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Nepal: The emergence of a resilient democracy

Much to show but still far to go

Three months after elections, a new cabinet was sworn in end of February in Kathmandu. The two largest parties have formed a coalition, with the new Prime Minister Sushil Koirala from the Congress Party, and 18 ministers from the Congress and UML parties. The mainstream Maoists – different from the breakaway fundamentalist faction – voted in support but did not join an initially foreseen unity government. Where does the country stand at this moment? By Gabriele Köhler

 

Only a few short years ago, Nepal emerged from a 10 year civil conflict which had cost 15000 lives – out of a total population of roughly 30 million people. Some six years later, Nepal no longer makes headlines in the international media. The arduous process of transforming a conflict- and autocracy-ridden polity no longer captures people’s imaginations beyond Nepal itself. This is a pity because the country deserves attention for its political accomplishments and merits deeper analysis in light of its complex human development outcomes ...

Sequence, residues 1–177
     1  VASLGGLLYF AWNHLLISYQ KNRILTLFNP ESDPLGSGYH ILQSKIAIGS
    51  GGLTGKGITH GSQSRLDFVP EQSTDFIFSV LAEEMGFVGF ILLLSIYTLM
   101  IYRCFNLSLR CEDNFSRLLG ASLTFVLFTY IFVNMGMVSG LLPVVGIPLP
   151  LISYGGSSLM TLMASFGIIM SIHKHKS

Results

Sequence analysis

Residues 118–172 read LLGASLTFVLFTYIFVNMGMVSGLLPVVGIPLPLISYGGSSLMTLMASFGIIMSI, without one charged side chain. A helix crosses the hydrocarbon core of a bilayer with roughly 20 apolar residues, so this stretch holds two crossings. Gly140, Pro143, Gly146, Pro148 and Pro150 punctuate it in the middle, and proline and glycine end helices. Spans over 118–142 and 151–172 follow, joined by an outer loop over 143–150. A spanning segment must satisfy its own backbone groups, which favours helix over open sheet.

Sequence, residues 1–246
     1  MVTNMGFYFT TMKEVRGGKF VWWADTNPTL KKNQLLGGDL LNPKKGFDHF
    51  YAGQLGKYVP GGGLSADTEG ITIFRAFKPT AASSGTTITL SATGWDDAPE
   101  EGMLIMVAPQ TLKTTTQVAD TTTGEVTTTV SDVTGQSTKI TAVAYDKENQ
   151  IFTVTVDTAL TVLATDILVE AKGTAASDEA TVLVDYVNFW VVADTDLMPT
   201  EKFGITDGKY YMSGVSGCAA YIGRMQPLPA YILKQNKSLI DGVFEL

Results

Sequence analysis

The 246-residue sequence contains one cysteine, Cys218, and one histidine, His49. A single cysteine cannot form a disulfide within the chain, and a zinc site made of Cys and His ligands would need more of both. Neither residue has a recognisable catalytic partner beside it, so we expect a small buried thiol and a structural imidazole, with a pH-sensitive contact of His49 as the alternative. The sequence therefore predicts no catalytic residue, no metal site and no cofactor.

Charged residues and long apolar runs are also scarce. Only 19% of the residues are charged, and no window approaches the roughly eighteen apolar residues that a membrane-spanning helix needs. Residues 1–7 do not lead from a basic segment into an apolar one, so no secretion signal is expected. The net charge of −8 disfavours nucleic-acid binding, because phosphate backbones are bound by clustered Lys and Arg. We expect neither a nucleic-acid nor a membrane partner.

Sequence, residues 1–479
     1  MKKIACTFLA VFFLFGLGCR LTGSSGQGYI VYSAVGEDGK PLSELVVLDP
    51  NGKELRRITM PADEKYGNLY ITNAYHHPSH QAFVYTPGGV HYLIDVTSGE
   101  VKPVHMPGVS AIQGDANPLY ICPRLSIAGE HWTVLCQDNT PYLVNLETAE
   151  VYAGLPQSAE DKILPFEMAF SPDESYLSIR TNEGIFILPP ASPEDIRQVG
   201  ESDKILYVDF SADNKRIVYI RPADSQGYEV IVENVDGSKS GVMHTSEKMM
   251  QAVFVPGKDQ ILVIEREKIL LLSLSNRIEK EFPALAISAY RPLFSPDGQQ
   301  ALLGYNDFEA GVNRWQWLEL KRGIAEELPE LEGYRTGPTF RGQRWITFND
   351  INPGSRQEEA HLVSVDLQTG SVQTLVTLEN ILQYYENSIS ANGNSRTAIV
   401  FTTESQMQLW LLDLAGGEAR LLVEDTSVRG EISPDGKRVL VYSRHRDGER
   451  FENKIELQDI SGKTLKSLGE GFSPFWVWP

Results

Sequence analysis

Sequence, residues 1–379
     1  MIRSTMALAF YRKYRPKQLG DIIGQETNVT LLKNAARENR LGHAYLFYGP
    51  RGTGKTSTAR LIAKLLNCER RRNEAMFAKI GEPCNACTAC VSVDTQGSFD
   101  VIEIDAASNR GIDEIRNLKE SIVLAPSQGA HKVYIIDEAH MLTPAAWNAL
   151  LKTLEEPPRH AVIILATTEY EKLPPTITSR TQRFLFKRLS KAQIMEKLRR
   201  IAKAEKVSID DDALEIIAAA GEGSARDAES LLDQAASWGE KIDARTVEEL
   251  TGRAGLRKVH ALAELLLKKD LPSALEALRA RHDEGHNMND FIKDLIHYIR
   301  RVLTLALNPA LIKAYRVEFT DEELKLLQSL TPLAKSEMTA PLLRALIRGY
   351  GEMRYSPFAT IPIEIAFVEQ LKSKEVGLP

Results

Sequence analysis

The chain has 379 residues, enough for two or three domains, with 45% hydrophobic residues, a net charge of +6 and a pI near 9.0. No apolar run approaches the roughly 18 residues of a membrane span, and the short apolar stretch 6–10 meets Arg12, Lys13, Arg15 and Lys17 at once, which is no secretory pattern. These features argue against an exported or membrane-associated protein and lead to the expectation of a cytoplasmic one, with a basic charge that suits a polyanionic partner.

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Find in this article:

The political plane – mixed developments
Explosive issues remain
Encouraging Human Development Index
But everyday misery, social exclusion and lack of employment
What next?


The author:

Gabriele Köhler is a development economist, an incoming Visiting Fellow at UNRISD, Geneva, and an Associate of the IDS, Sussex. Please visit >>> http://www.gabrielekoehler.net


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